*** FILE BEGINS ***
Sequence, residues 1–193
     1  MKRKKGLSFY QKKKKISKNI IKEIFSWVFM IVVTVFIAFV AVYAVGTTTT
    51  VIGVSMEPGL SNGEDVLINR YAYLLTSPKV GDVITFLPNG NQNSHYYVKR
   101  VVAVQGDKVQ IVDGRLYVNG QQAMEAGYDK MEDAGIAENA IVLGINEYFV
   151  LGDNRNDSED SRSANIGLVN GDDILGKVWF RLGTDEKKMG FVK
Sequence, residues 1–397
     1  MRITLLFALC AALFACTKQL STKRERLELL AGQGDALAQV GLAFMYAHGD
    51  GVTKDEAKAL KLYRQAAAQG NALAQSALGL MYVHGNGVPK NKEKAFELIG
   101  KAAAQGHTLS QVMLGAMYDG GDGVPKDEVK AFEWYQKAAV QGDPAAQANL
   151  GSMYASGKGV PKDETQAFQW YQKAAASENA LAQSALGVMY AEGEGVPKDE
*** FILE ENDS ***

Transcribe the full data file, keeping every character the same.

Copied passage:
Sequence, residues 1–193
     1  MKRKKGLSFY QKKKKISKNI IKEIFSWVFM IVVTVFIAFV AVYAVGTTTT
    51  VIGVSMEPGL SNGEDVLINR YAYLLTSPKV GDVITFLPNG NQNSHYYVKR
   101  VVAVQGDKVQ IVDGRLYVNG QQAMEAGYDK MEDAGIAENA IVLGINEYFV
   151  LGDNRNDSED SRSANIGLVN GDDILGKVWF RLGTDEKKMG FVK
Sequence, residues 1–397
     1  MRITLLFALC AALFACTKQL STKRERLELL AGQGDALAQV GLAFMYAHGD
    51  GVTKDEAKAL KLYRQAAAQG NALAQSALGL MYVHGNGVPK NKEKAFELIG
   101  KAAAQGHTLS QVMLGAMYDG GDGVPKDEVK AFEWYQKAAV QGDPAAQANL
   151  GSMYASGKGV PKDETQAFQW YQKAAASENA LAQSALGVMY AEGEGVPKDE